Flowers for Algernon by Daniel Keyes
My rating: 5 of 5 stars
When I was in eighth grade, I read the short story "Flowers for Algernon" as part of the curriculum. I can relate to Charlie Gordon in that I live in the world of the disabled and the world of the non-disabled as he did. Though for me, it's a little different. My disability was not removed by surgical means; rather, I am mildly disabled and I can talk to disabled kids better than I can other kids. But I can still talk to other kids; it's just harder. I can't blame that on my disability, but my point is, I feel my disability drives a wedge between me alone and the outside world; this happened to Charlie as well. I feel trepidation approaching others, getting involved in romantic relationships, etc. because the past with my own disability did not incorporate that, just like the way it was for Charlie.
But enough about me.
I can honestly say that the overall story is amazing: I remember reading the short story before my class did (I'm known for doing that, because of my intense love of reading) and crying after I'd finished.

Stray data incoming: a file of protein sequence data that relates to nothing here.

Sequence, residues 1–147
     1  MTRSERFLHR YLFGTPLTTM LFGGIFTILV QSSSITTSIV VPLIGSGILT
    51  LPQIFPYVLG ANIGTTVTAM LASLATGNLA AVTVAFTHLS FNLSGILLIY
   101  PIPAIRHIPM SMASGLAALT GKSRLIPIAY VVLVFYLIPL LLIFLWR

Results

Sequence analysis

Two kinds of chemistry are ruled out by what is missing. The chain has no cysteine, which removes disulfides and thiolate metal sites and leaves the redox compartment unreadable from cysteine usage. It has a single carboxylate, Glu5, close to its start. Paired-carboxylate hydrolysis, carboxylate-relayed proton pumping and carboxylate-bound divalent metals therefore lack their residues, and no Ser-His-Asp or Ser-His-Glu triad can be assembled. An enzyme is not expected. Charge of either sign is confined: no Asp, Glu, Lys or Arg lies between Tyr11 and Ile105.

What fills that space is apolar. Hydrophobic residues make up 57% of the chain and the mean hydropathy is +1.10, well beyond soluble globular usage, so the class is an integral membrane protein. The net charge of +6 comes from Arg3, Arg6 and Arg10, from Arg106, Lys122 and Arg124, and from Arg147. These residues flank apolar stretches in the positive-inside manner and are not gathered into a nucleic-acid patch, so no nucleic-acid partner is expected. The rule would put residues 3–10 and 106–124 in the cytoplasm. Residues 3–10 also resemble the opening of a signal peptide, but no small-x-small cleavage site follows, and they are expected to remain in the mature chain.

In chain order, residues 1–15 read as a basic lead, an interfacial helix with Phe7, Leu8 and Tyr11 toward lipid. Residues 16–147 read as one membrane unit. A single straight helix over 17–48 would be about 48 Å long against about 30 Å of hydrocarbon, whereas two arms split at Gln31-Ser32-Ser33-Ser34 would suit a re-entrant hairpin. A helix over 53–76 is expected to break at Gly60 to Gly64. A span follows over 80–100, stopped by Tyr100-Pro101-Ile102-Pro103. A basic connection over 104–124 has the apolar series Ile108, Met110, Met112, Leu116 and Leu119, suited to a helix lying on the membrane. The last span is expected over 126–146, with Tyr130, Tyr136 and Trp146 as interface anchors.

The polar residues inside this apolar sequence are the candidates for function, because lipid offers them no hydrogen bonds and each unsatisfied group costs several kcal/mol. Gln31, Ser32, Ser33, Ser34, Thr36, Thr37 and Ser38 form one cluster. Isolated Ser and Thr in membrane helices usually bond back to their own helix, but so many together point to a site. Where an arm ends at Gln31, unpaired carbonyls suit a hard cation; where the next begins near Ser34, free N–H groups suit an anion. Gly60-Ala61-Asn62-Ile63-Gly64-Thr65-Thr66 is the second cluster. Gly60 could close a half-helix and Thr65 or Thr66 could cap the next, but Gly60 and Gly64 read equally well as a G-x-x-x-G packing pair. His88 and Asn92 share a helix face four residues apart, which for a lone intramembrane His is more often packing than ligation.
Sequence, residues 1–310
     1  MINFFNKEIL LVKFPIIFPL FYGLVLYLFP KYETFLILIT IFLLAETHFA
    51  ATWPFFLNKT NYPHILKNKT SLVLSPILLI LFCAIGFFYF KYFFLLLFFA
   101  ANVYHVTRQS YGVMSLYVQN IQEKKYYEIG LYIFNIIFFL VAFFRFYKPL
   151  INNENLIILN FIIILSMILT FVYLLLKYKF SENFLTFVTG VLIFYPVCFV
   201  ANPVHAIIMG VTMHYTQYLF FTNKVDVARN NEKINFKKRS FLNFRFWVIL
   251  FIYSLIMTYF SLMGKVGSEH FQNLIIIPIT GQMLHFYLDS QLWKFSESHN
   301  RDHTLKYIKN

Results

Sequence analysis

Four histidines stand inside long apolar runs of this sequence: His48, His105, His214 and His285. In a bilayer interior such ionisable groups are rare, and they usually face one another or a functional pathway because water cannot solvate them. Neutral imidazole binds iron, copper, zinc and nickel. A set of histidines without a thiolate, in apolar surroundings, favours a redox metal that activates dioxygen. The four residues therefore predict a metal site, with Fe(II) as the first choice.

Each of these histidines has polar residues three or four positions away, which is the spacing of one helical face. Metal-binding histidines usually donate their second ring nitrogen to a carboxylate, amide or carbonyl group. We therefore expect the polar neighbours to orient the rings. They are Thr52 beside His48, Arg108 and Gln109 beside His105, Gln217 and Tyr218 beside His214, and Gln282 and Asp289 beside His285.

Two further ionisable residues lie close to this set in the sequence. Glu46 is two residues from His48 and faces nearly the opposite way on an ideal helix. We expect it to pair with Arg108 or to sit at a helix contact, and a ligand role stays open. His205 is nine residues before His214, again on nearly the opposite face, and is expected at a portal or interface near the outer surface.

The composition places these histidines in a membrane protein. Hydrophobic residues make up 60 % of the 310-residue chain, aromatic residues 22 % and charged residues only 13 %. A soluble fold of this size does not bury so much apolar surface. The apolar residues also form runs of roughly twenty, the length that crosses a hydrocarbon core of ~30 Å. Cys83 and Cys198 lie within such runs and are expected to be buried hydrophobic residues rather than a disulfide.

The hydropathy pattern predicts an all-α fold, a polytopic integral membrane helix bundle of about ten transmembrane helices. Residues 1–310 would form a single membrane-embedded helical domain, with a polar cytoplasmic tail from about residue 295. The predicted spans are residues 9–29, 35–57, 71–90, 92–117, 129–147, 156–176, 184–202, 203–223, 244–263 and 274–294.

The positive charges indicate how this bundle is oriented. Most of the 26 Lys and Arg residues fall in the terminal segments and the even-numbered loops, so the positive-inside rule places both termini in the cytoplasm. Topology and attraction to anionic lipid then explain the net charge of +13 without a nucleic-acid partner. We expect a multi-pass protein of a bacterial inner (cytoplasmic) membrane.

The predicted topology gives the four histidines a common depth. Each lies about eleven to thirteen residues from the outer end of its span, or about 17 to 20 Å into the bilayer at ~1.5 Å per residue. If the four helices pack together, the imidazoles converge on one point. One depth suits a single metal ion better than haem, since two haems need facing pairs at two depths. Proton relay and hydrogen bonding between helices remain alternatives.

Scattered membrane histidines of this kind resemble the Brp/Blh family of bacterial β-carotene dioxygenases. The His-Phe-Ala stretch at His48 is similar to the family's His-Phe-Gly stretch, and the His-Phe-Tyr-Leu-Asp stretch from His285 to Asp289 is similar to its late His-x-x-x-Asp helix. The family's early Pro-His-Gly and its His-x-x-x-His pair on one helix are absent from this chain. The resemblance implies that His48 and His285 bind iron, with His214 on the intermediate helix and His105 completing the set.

Reading the entire novel, however, made it even better. I loved how the novel dove into Charlie's past. One of the things I often wondered about while reading the short story was why Charlie was so determined to learn. The novel explained that beautifully through flashbacks Charlie had. I felt so bad for him, yet I just wanted to know more. I loved the way they were written. And I loved how Charlie began to see the mentally challenged Charlie through hallucinations until he finally confronted the "boy," promising that he would not let go of learning. That, I think, shows true determination.
I also loved how this book showed you that being disabled is not all bad. Sometimes, it's better to be an innocent, mentally challenged man, than to give that up to learn, only to find that that man has become an "arrogant, antisocial bastard."
Charlie learned many things in the story, but most important was definitely, for me, that "the mind without the heart isn't worth a damn."
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